Mutations in the hot-spot coding region of exons 5 to 8 are the most frequent secondary abnormality described in non-Hodgkin’s lymphomas and in leukemias. 108 , 195 Sensitive methods for detecting TP53 mutations include SSCP, 196 DGGE with guanosine-cytosine (GC)-clamping, 197 , 198 and denaturing high-performance liquid chromatography ( Fig. 6-17 ). 163 , 199 Mutations of TP53 occur in about 15% of non-Hodgkin’s lymphomas, with the highest frequency (40%) seen in Burkitt’s lymphoma. 109 , 200 Mutations in TP53 are associated with transformation of follicular lymphoma and small lymphocytic lymphoma to large B-cell lymphoma 89 , 201 and a poor prognosis in many types of non-Hodgkin’s lymphoma. In MCL they are associated with poor survival and blastic or blastoid morphology. 198, 202, 203 The poor survival is believed to be due to the absence of functional p53 protein; the other allele is typically deleted, preventing p53-induced apoptosis, and the tumor cells become resistant to chemotherapy. 204 - 206 This effect is due to the subset of direct DNA-binding mutations. 207 Thus, the type of p53 mutation needs to be identified before enrolling patients in future p53-targeted therapies.

Figure 6-17 Mutations of p53 detected by denaturing gradient gel electrophoresis.
Wild-type samples have a single band. Mutated samples demonstrate a shift in electrophoresis, producing two to four bands (e.g., exon 8 at the right).
The immunohistochemical analysis of p53 protein expression may result in false-negatives that occur when the mutation causes a stop codon and no protein or a truncated protein is produced. 208 Citrate antigen retrieval and the use of antibodies to epitopes located at the amino terminal end, such as DO-7, are recommended to minimize false-negatives due to truncation of the carboxy end. 209 Also, overexpression of wild-type p53 can occur in some instances from unknown mechanisms. 210 - 212 To properly evaluate overexpression of p53 in tissue, one needs to simultaneously examine p21 expression, because wild-type p53 is required for p21 expression. 213 If p21 expression is present, p53 expression most likely represents wild-type p53. Owing to these problems, genomic characterization of the mutations is the preferred method.

Acute Leukemias
More than 300 different translocations have been described in acute leukemias, and more than 100 have been cloned, underscoring the remarkable genetic complexity of these diseases. The array of translocations and other genetic abnormalities can be grouped into derangements that affect one of three major pathways ( Table 6-2 ).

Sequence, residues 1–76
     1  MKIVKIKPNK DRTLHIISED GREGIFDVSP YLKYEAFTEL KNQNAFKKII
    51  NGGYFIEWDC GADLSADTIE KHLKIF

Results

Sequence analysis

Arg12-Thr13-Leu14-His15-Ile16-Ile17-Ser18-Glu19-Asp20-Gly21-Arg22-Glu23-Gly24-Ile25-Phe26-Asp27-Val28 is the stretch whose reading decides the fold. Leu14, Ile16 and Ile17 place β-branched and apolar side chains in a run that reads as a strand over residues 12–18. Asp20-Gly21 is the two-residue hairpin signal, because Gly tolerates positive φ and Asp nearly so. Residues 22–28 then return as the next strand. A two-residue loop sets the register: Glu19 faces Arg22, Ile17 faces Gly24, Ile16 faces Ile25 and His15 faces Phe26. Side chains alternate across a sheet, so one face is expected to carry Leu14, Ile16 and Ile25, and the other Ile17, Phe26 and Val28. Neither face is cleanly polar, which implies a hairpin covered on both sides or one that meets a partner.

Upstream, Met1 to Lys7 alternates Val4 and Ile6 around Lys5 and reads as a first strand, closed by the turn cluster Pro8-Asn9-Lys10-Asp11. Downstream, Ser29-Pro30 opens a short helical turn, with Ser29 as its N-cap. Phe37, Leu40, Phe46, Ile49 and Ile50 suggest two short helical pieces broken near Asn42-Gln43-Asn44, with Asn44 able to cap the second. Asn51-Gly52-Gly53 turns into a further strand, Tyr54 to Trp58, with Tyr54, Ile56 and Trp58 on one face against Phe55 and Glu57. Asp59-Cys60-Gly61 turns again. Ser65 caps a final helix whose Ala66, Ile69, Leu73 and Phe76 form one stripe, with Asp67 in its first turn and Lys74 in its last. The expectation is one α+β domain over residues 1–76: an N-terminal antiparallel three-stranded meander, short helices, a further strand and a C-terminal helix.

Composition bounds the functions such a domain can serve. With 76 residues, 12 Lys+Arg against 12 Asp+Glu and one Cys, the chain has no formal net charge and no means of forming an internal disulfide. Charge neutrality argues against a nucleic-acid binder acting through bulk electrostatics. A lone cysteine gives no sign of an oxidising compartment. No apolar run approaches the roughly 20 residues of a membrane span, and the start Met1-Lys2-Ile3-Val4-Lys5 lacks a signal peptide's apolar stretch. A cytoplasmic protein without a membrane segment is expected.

Table 6-2 Major Functional Targets of Genetic Lesions in Leukemias
There are data that suggest cooperation among some of these dysregulated pathways—for example, enhanced signal transduction via an activated tyrosine kinase conferring proliferative and antiapoptotic activity, whereas disruption of the transcriptional apparatus impairs differentiation. Other pathways affect chromatin modulation and nuclear-to-cytoplasmic shuttling. This rather limited number of deranged pathways may facilitate the development of specific pharmacologic interventions directed at one of them. This section approaches the genetics of leukemia from a disease-based perspective, to highlight the manner in which molecular genetic studies have guided and refined classification, risk stratification, and therapy.
Although many of the genetic lesions are amenable to and have historically been detected by conventional Southern blot analysis, most are now more commonly evaluated by PCR-based technologies. Many of the translocations involve DNA breaks that are quite widely dispersed in introns (albeit usually within a single intron), which would make DNA-based PCR assays somewhat cumbersome. Accordingly, and taking advantage of intronic splicing, most translocation assays are performed by RT-PCR, using exonic primers.

Acute Myeloid Leukemia
Acute myeloid leukemia (AML) is an extremely heterogeneous disease at the genetic level, with at least 160 different recurrent structural cytogenetic abnormalities observed. However, it has now become clear that of all the parameters integrated to yield a final diagnosis and appropriate classification of AML (e.g., clinical features, blood counts, morphology, cytochemistry, immunophenotypic and genetic studies—both classic cytogenetics and molecular genetics), the most relevant feature is the genetic abnormality. This notion has emanated in part from large multicenter cooperative studies that identified three broad prognostic groups ( Table 6-3 ). 214 - 216 Furthermore, even though AML that develops in the “elderly” (older than 55 years) usually has a poor prognosis, this cytogenetic stratification also holds true for this group of patients. 217

Table 6-3 Cytogenetic Stratification of Acute Myeloid Leukemias